Some executors refer to online resources and do-it-yourself books in efforts to reduce expenses and move closer to settling the estate. When it comes to legal matters, it’s not in the executor’s best interest nor the best interest of the estate or its beneficiaries to rely on a DIY effort. Our Chapel Hill probate attorneys have several free digital probate guides that outline tax issues and legal risks executors should discuss with an attorney during estate administration. Not only do North Carolina probate laws and federal regulations change over time, but the decedent’s estate might have unique assets that require prudent care.
The most important issue executors should understand is that executors are held personally responsible for estate administration errors and mistakes, regardless if the blunder was unintentional. Here are a few risks executors must manage:
- Misinterpreting North Carolina probate laws. Whether an executor misreads or fails to clarify provisions in estate administration legislation, their error could cause financial loss for the estate and its heirs. Creditors, heirs, or another party that experiences damages or loss due to the mistake can sue the executor directly. If the decedent owned assets outside of North Carolina that were not held in trust or another planning tool, they will likely be subject to probate under the laws of the respective jurisdiction. In this situation, it would be sensible for the executor to consult with a probate attorney in the alternate jurisdiction to prevent misinterpretation of the law.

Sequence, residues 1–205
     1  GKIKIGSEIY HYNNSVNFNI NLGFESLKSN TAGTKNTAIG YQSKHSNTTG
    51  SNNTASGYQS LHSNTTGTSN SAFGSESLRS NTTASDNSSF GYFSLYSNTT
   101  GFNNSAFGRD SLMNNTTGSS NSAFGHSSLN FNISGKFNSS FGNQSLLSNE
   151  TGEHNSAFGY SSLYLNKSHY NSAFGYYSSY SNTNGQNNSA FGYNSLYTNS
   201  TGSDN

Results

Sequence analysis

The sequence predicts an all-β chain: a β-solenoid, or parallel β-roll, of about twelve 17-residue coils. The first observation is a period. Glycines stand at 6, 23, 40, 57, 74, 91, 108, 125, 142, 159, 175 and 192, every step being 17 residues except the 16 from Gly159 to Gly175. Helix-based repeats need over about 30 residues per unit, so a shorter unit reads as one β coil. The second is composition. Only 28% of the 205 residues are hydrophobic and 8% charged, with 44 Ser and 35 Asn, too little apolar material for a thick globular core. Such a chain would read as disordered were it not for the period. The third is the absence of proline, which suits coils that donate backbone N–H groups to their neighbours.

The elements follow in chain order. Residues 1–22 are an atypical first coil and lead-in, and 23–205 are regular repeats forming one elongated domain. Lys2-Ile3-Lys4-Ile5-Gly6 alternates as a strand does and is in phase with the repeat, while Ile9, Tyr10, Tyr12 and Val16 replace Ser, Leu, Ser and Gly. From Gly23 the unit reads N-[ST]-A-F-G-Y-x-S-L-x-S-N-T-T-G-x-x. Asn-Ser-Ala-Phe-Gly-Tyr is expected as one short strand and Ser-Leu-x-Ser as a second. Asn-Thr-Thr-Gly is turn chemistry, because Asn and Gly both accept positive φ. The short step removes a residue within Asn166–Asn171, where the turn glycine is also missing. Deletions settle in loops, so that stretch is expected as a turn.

- Overall missteps. An executor’s first steps in North Carolina require locating and filing the will with the county court. After this, asset inventory, creditor notifications, tax preparation and filing, and other matters must be addressed. Paying estate debts is an essential part of this process, but problems might arise if the executor pays debts in the wrong order. This issue was recently addressed by The Wall Street Journal in its piece “The Biggest Mistakes Executors Make.” If at any point it appears the executor misappropriates funds, misses deadlines, or is in some way abusing their powers, another party (creditor or heir of the estate) could sue the executor for damages associated with their inaction or actions.
- Tax liability. In addition to estate tax filings and payments, the executor must also properly prepare, file, and pay the decedent’s final income tax return and a fiduciary income tax return. The latter must be filed on behalf of the estate. The executor runs the risk of making serious tax errors without help from an attorney when filing a fiduciary income tax return. Also, executors of taxable estates have extra paperwork that started in 2015: the IRS Form 8971 Estate Information Form. This seven-page form is used to report asset values to the IRS and beneficiaries. Executors who fail to report values will be fined $250.00.
In addition to the situations above, learn about Important Times Executors Should Seek Legal Counsel in North Carolina.